Saturday, 12 January 2013

Snowshoeing with Kids in Kananaskis: Hogarth Lakes

When I take kids hiking or kids snowshoeing, the goal usually isn't to reach the end of the trail. It's to have fun. Luckily the Canadian Rockies are full of places to have fun in summer and winter. Kananaskis and Banff have a wealth of hiking and snowshoeing trails that are perfect for kids. One of those places is Hogarth Lakes in Kananaskis.

Starting at the Burstall day use area, we followed the trail a hundred meters or so and turned right at the sign marking the Hogarth Lakes snowshoe trail. This took 20 minutes, as the kids repeatedly dove off the trail and down the short, steep and deep hill to the left. There was at least a meter of snow, deeper than most of them had ever seen. Eventually we were able to coax them away from their snowy frolick and onto the main trail...where they proceeded to jump off the snowshoe tracks and into the even deeper snow.

I'd had hopes of making it all the way around the flat 5 km loop that winds past Mud Lake and the two or three ponds that make up Hogarth Lakes. Maybe even leave the trail, head north through a very low pass, and check out the Burstall Lakes and an avalanche impact pool I'd snowshoed to a couple years before. However, I quickly gave up these hopes when I saw how much fun the kids were having rolling in the snow and climbing snow banks beside the trail and sliding down them.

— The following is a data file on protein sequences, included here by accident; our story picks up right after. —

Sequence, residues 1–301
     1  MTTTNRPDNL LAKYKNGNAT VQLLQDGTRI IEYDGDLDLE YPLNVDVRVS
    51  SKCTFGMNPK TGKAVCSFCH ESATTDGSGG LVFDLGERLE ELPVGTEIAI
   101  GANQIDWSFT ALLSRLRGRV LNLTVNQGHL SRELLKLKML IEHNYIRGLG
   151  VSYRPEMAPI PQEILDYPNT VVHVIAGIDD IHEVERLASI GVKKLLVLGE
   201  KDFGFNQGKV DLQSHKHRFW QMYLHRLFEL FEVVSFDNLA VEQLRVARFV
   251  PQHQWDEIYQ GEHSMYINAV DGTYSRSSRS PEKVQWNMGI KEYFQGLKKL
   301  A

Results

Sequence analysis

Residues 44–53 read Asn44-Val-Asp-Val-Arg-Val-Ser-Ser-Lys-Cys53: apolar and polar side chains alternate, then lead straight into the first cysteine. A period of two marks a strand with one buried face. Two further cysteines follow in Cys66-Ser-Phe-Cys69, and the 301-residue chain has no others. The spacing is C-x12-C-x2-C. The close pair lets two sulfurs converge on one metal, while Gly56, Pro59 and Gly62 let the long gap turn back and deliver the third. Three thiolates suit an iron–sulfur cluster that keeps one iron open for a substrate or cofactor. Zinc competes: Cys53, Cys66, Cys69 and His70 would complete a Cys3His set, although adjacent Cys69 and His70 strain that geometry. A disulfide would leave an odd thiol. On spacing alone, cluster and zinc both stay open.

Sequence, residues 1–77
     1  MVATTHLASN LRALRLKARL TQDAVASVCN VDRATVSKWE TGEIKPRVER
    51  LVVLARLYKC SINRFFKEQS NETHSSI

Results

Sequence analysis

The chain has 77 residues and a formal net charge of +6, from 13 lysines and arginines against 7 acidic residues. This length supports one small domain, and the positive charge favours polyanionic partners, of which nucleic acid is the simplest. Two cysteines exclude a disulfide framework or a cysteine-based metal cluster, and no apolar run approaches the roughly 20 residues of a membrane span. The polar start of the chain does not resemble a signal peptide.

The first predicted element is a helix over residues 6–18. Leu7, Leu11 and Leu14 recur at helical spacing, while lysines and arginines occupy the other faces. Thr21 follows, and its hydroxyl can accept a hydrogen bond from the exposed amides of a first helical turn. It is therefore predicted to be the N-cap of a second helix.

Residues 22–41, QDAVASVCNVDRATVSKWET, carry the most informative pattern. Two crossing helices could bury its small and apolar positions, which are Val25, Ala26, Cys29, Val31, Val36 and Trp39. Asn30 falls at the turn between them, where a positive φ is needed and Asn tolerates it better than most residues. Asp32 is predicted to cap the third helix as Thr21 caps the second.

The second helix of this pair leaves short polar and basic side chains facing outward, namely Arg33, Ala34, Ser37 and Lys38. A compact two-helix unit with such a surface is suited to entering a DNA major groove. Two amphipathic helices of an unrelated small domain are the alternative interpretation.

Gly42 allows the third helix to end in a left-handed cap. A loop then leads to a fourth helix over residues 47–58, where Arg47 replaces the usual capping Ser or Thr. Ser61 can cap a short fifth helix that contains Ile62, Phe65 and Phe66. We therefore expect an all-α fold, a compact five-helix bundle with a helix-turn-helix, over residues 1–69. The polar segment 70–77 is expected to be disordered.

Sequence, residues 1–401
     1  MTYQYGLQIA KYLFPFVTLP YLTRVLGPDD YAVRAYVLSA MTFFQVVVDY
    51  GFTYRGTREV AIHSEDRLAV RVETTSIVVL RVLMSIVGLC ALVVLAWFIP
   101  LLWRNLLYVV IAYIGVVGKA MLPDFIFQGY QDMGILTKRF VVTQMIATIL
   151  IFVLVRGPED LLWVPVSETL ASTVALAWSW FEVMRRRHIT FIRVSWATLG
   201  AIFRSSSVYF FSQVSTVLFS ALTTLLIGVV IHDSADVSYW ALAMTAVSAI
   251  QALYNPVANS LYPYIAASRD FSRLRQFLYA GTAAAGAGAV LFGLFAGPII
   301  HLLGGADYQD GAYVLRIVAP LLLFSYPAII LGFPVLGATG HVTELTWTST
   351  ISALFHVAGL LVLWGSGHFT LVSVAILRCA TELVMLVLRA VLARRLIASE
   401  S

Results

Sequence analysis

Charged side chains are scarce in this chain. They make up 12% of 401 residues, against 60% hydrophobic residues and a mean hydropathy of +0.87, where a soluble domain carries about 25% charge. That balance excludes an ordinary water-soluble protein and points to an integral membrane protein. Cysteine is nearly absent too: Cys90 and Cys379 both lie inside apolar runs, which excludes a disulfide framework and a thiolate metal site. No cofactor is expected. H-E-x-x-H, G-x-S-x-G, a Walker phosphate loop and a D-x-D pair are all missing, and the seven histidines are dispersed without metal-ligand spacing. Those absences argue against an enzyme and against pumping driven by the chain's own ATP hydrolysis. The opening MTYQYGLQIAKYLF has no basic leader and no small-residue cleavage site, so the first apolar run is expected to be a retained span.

After a couple hours we'd probably covered a kilometer, and the kids were soaked with snow down the back of their coats and in their boots. It may have been the fact that their wet clothes were slowly freezing or it may have been the promise of ice cream (I find that ice cream is a better post-snowshoe bribe than hot chocolate; go figure), but the snowshoe back only took half an hour.

For the more adventurous, the Burstall day use area can be the starting point for a wide variety of fun. Turning left where we'd turned right onto the snowshoe trail leads to Burstall Lakes and Burstall Pass (avalanche terrain; don't take kids beyond the avalanche transceiver practice area). Taking another left off the main trail to Burstall Lakes leads to the next valley over, where you can find some good bushwhacking (again, this eventually leads to avalanche terrain, so don't take kids there unless you're experienced and can recognize where to stop).

Distance: About 5 km for the full loop
Elevation gain: pretty flat
Snowshoeing/Exploring Time: 2 to 5 hours
Directions: West on the Trans-Canada to Highway 40. Follow the 40 south to Kananaskis Lakes Trail and turn right. In a couple of kilometers, turn right on the Smith-Dorrien/Spray Trail. In 22 kilometers turn left into the Burstall day use area. The drive south from Canmore is shorter distance-wise but takes longer because the road isn't paved

Click here for a driving map.

Wondering how to get started? Read these posts:

Kids Snowshoeing Gear: Picking out Kids Snowshoes

Wondering where to go snowshoeing with kids? Read these posts:

Snowshoeing with Kids in Kananaskis: River View Trail
Snowshoeing with Kids in Banff: Lake Minnewanka
Snowshoeing with Kids in Kananaskis: West Bragg Creek
Heli-snowshoeing with Kids in Kananaskis
Snowshoeing with Kids in Kananaskis: Canyon Creek

One kid and one parent on the trail, two kids in the snow.

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